By Stephen Baxter

By the year 2057 the Earth has already been through a lot. The effects of climate change have even forced the relocation of the British parliament to Newcastle and the American government to Alaska. But then the Blink occurs – a name given to the sudden disappearance of the Sun. This truly does seem like the end of things. But then, just as quickly as the Sun left, it comes back.

Obviously some very powerful forces are at work, which the global brain trusts take to calling Galaxias. It seems the removal of the Sun is a message that’s been sent to us, though the meaning of that message is obscure and the nature of Earth’s response much debated by the scientific bureaucracies in China and the West.

This makes Stephen Baxter’s new novel a bit talky in places, but the focus on a trio of friends and the backdrop of speculative “hard” SF on a grand scale combine to make Galaxias an engaging enough cosmic mystery story, with an ending that opens up in a big way.


10 thoughts on “Galaxias

    1. Not sure. Like I say, there’s a lot of talk and not a whole lot of action. I think it probably works better as a novel where you can sort of think about what’s happening and the science can be explored in more depth. On the other hand, a movie could make use of some great Newcastle locations . . .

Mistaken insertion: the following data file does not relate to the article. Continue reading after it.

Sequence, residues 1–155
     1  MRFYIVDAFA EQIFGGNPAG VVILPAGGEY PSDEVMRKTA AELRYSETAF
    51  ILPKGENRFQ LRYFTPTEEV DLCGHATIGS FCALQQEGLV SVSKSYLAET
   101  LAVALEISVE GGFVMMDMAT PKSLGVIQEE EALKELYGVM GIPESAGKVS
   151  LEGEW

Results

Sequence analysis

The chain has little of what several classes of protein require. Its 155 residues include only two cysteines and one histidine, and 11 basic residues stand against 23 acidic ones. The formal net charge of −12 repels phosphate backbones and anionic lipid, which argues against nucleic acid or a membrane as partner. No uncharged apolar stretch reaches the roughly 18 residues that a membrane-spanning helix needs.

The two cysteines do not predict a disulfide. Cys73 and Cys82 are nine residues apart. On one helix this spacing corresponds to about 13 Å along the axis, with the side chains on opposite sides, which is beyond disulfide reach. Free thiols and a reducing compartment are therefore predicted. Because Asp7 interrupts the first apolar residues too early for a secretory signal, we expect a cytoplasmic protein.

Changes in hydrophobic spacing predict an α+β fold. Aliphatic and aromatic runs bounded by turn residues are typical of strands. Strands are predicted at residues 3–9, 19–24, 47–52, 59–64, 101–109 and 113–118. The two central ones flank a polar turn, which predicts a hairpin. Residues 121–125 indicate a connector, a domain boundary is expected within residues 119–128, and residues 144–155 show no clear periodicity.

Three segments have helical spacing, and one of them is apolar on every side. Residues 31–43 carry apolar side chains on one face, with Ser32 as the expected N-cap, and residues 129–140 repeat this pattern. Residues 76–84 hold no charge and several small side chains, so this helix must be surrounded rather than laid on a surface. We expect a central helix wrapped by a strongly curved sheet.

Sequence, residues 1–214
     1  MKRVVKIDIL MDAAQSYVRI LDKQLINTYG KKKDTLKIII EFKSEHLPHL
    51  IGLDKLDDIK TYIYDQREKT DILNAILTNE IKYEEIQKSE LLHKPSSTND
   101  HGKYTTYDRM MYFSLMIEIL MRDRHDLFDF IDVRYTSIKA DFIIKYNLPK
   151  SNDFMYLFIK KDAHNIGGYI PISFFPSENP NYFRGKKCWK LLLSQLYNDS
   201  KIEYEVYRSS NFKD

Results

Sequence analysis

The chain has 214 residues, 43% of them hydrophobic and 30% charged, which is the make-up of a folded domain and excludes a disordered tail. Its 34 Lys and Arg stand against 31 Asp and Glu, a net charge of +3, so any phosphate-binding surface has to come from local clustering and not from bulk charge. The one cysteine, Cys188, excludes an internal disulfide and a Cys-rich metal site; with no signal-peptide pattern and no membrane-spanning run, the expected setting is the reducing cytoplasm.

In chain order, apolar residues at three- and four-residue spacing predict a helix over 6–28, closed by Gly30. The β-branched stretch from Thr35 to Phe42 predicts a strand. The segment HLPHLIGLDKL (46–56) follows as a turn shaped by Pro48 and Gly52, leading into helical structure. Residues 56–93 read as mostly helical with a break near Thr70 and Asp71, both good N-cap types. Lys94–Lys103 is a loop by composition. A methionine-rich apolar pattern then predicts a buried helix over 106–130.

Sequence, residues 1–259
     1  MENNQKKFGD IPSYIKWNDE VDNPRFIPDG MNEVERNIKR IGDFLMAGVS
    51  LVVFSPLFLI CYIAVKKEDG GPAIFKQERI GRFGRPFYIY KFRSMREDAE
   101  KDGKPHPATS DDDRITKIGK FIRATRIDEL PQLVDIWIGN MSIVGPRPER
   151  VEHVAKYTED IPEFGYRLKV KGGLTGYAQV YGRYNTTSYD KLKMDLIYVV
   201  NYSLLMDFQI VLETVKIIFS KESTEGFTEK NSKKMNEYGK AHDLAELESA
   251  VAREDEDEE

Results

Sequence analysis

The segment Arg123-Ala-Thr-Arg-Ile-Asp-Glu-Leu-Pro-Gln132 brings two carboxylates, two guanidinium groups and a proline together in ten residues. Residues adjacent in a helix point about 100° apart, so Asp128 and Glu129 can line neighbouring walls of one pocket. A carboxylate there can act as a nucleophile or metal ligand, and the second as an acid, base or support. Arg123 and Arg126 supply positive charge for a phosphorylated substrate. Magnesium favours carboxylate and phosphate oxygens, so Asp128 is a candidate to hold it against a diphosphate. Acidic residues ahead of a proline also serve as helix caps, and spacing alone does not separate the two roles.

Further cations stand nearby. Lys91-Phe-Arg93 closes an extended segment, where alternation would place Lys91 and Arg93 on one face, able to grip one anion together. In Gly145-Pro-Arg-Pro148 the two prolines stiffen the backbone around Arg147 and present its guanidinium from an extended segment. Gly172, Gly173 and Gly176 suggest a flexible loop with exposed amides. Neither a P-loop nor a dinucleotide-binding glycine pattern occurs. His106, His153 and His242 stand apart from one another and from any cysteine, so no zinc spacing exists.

Liked by 1 person

  1. I’ve never read anything by Baxter but if this is representative of his work, I can understand why it never interested me. Near Future is always hard to pull off in my opinion and I don’t think most of it works (not just by Baxter).


    1. It’s more interesting on a technical level. Just what would happen if the sun was suddenly relocated? The disruption to the solar system’s gravity balance, the deep freeze setting in. But I don’t think this would be your thing.

      Liked by 1 person

      1. So he does address the gravity thing? That was my first thought and my uneducated guess is that if the sun disappeared for longer than 5min is that the planets would go flying and even its return wouldn’t be enough to recapture us.


      2. Yeah, he definitely goes into all that. Actually, the way it works is that things only slowly go out of whack. Even the freezing of the Earth takes a lot longer than I thought it would.


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